Loki, a volcano on Jupiter’s moon Io named after the Norse trickster god, is probably going to erupt within the next few days.
Io is a volatile world, pockmarked by active volcanos, the largest of which is Loki. If new calculations reported by Europlanet Society are correct, it’s due to go off any day now. If the scientists are correct, the findings could bring about a better understanding of the strongest volcano in the solar system.
Scientists have been making sense of Loki’s activity for decades, Space.com reported last month. The new calculations, which Planetary Science Institute Senior Scientist Julie Rathburn presented at a conference on Tuesday, can supposedly track eruptions down to the day.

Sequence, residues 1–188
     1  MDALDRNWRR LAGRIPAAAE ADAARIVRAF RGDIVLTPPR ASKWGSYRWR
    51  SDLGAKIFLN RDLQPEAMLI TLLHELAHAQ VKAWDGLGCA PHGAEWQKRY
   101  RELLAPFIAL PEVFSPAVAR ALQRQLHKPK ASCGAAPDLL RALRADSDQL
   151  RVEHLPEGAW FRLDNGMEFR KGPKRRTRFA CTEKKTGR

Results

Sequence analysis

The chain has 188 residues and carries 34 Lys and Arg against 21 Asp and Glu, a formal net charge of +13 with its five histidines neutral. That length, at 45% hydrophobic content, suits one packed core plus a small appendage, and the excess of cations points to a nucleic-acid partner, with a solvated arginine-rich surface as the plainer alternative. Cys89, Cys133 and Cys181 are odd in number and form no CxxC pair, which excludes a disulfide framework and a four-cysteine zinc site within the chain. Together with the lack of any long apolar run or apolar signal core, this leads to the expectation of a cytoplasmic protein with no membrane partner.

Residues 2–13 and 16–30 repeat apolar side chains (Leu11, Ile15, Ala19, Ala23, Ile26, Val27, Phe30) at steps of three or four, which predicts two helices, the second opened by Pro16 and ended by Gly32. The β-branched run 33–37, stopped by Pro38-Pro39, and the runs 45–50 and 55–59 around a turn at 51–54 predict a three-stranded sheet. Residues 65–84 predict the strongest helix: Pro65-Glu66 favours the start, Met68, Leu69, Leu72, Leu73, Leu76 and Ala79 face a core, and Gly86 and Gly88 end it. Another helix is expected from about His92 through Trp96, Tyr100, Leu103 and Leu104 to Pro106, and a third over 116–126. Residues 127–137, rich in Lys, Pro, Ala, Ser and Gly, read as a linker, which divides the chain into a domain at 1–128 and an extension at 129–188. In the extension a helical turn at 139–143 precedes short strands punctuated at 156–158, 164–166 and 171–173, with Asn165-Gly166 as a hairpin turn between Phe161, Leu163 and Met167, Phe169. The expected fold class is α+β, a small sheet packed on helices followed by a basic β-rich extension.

And with a predicted cycle of 475 days between eruptions, Loki is running down the clock. The last eruption was in May 2018, which ended 474 days ago.
“We think that Loki could be predictable because it is so large,” Rathburn told Europlanet Society. “Because of its size, basic physics are likely to dominate when it erupts, so the small complications that affect smaller volcanoes are likely to not affect Loki as much.”
Loki is characterized by a large lava lake that rhythmically erupts, solidifies, and erupts all over again, according to research from 2006. By watching that cycle for decades, scientists think they have a good grip on its lifecycle.
“However, you have to be careful because Loki is named after a trickster god and the volcano has not been known to behave itself,” Rathburn told Europlanet Society.
READ MORE: Is huge volcano on Jupiter’s moon Io about to erupt this month? [Europlanet Society]
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